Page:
"He got the game ball," Del Rio said of Spicer. "Paul Spicer represents what we're all about around here. He plays hard, he plays tough. We will miss him."
Del Rio said he would not offer comment on the play until he reviewed the game tape.
"We wanted to get back out there and not get into a jaw-jacking thing but play well and get a win for Paul," defensive tackle Marcus Stroud said. "We all won this game together."
Spicer's injury clearly affected his teammates. They knelt with their heads bowed as the Jaguars training team raced onto the field. There was no doubt from the beginning that Spicer's leg had broken. Spicer waved to the crowd as he was carted from the field.
The Jaguars played with renewed vigor when play resumed, but it was a defense that had also been on the field for all but 11 minutes of the second half. It was wearing down in the face of Denver's relentless assault, which produced 356 yards and 20 first downs. It needed help. Griffin provided it.
"We're winning ugly games right now because we're not scoring a lot of points," Leftwich said, "but last year we were losing a lot of ugly football games and no one called us unlucky then, they just said we were a bad team. I think you make your own luck."
Well, that might be debatable, but this much isn't open to argument: After a slow start, the Jaguars stopped the Broncos' vaunted running game and forced the visitors to pass.
Denver rushed for 53 yards in the first quarter, but finished with only 106 yards. Griffin, who ran for 156 yards against the Chiefs in week one, gained only 66 against the Jaguars.
"They play a lot of zone coverage and don't give up big plays. They are very strong up front so you have to earn everything you get," Broncos coach Mike Shanahan said of the Jaguars.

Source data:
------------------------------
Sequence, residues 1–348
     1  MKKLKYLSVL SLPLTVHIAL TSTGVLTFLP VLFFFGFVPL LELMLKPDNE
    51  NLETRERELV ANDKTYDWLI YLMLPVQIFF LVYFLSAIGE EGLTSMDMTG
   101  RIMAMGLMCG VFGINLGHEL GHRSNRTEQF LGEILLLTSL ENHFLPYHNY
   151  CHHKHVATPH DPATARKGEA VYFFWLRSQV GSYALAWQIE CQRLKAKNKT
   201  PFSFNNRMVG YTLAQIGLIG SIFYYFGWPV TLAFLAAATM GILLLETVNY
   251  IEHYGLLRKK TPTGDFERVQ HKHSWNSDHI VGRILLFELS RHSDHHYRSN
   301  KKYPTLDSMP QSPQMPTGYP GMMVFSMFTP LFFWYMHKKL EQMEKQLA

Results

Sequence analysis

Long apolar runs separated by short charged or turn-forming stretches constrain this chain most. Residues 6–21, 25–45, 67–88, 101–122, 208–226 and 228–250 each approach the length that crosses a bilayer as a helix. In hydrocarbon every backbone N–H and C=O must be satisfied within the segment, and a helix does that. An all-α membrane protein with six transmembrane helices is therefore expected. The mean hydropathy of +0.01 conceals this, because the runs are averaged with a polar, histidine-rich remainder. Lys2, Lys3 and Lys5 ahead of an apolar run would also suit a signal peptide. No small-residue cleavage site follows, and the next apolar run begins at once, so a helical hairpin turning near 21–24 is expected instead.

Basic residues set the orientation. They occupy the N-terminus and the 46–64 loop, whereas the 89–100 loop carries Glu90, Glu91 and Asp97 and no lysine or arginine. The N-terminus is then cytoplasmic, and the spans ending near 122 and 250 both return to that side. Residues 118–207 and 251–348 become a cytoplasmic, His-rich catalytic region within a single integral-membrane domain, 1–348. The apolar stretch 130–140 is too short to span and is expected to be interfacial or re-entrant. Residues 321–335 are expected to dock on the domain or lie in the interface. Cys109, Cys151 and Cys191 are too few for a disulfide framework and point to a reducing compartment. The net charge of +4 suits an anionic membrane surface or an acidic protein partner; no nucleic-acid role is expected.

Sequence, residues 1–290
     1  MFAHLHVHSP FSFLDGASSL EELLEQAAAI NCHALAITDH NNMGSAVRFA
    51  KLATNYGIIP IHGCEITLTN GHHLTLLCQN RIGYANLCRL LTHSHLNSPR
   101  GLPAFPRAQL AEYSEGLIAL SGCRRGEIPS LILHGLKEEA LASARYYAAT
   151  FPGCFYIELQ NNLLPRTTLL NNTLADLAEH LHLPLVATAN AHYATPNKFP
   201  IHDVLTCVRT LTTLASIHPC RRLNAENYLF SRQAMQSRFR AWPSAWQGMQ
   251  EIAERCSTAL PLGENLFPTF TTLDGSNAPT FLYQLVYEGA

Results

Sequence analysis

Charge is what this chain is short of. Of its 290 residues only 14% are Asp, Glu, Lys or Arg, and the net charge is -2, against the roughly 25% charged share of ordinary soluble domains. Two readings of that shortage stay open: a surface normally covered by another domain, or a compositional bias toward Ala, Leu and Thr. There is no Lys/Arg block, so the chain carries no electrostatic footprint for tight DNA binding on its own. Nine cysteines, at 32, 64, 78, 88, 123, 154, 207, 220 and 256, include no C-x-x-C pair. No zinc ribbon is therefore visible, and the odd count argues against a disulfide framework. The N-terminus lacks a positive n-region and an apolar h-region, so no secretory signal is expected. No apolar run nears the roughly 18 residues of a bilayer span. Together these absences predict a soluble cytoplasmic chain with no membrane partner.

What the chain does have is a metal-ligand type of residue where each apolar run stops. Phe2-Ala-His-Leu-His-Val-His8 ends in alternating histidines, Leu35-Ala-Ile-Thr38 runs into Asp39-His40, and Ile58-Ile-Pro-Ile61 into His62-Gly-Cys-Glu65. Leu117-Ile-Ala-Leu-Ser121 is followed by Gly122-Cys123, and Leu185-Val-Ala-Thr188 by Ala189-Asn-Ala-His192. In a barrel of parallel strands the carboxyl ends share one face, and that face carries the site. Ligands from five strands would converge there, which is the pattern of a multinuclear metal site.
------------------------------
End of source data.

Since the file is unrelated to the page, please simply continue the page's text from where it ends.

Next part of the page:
The Jaguars announced a paid attendance of 69,127, which marked the biggest crowd at Alltel Stadium since the Jan. 23, 2000, AFC title game. It must be noted, however, the Jaguars went to a new formula for gauging attendance for this game. Previously, they had only announced the actual attendance. Beginning with this game, they will announce the number of tickets distributed. The game, of course, was blacked out to local television.
"For me, personally, they played a big part," Stroud said of the fans. "It's almost as though you can feel them coming through you, and they definitely rattled those guys. Their offensive linemen didn't know what was going on. I don't think their center could hear the quarterback's cadence. They did a great job."
Del Rio credited the win to his team's ability to get a lead.
"It's has been well-documented that over the past 10 years they have been one of the most explosive teams in the NFL coming out of the blocks. It was a huge thing for us not to let that happen. I'm proud we were able to hold off their early charge and not allow them to jump on top of us," Del Rio said.
They'll try to do the same in Tennessee next Sunday, and it sure wouldn't hurt if luck stayed on the Jaguars' side one more week.